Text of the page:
Tuesday 6 May, 2014
Jura produced a large tup lamb this afternoon, between 2pm and 5pm. When I went to feed the ewes at 5pm, he was up and dried. Mind you, it's been a glorious day here. So lamb and ewe are in the field shelter. Her teats are quite big so I made sure he suckled before I went for my dinner - which was nice but not as nice as HIS appeared to be, judging by the waggly tail :-) I'll ring him in the mroning and he can get out on the grass - she won't lose him.
So, thirteen ewes to the tup; twelve in lamb, twenty two lambs scanned; twenty two born alive, one dying shortly after birth :-(. Of the twenty one live lambs, seven tups and 14 ewes. So a lambing % of 161 - best we've had so far.
Tuesday 6 May, 2014
We brought the cows home on Sunday. All seven - magnificent - have been at our temporary grazing since the four cows were turned out mid-March. But Breeze, Blizzard and Annie are due to calve at the end of the month and it was time that Bonnie wasn't running with a bull, so we brought them home. One at a time - Breeze first (we'd have brought Bonnie too but couldn't catch her :-)), Blizzard (who fills the trailer on her own), Annie then, last but not least, the bold Bonnie.
George and Storm weren't at all helpful in the loading process and Charlie loaded himself at one point - but after a few sweary words (me) and words of calm (Dan), we got them home. Astwood is now a batchelor club. Our plan is to use Astwood for the bullocks and the bull, when he's not working - bullocks will go up there at weaning and stay there until they go to slaughter. Cows and heifers will be mainly at Dalmore.
Thursday 15 May, 2014
It was four years ago yesterday that we got the keys for Dalmore.
It's been a lot of work but we now feel we're at the end of the beginning and here's to the next forty.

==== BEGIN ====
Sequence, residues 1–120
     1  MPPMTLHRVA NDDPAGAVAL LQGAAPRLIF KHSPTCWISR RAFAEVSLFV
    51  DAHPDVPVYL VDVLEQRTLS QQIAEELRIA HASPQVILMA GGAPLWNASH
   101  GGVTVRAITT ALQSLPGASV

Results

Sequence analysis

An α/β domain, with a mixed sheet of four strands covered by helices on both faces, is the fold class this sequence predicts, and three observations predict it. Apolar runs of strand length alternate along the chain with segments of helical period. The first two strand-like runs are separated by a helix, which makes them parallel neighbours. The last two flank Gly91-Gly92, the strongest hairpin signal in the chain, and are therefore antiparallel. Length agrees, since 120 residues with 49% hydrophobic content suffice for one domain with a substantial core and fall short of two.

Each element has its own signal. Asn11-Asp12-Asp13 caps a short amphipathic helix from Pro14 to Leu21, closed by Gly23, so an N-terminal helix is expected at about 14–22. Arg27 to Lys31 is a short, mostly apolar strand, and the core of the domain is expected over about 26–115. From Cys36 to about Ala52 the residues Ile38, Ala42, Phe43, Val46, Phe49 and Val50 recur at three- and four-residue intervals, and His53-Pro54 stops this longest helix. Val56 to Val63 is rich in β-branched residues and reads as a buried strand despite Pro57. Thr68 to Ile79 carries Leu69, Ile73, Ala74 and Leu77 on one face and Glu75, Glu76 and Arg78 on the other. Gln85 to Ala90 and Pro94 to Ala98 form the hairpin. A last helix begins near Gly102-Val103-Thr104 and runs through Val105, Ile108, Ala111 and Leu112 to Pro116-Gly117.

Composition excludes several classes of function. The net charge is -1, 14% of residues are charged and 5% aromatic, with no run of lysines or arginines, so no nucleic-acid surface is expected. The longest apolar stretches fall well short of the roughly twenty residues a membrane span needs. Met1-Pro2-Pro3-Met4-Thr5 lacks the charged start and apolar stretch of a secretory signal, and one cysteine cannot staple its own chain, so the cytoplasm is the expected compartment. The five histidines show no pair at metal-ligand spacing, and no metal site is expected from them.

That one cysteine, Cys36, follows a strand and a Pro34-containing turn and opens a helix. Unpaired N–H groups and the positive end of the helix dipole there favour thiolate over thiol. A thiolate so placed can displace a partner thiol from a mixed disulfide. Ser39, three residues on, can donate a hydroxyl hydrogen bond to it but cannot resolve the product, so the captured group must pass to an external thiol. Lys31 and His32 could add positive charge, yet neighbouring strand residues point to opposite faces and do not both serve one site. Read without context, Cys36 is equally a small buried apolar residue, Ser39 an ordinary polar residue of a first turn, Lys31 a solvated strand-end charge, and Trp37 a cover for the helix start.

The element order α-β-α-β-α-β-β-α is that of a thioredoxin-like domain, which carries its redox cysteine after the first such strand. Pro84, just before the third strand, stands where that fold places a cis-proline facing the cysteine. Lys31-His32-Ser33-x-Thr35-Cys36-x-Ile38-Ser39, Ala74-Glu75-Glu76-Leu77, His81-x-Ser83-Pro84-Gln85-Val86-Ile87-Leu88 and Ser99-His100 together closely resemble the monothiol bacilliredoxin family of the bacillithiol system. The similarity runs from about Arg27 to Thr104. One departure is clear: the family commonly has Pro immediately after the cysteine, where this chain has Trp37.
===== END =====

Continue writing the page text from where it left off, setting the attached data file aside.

If we get a chance this weekend, we'll try and do a "before and after" photo shoot :-)
Monday 19 May, 2014
Well, the vet was here today to jag Bonnie to eliminate any unwanted pregnancy. Although she will go to the bull later in the summer, she'll have grown a bit by then.
I've been practising haltering for a few days and she's been very good and I can now fairly reliably slip a halter on her in the field. When I check the four of them in the morning and in the evening, I slip the halter on each in turn, give her a good scratch then take the halter off again - it's just a bit of practice and they associate being haltered with something pleasurable. Not sure how happy Bonnie will be with haltering tomorrow - although she barely lifted her head out the feed bucket when the needle went in, bless her.
Wednesday 28 May, 2014
Feeling a bit gutted this afternoon. Dickie, our Coloured Ryeland wether, died today.
He was one of our first crop of lambs in 2009. He had a white streak of wool on his face that reminded me of Dickie Davies :-) I couldn't bear to eat him, so we had him castrated and kept him as a tup companion (also mentor to various groups of tup and ewe lambs). We took him to the vet in the back of the car to be "done", and Dan held him, legs akimbo (Dickie's not Dan's) while the vet did his stuff.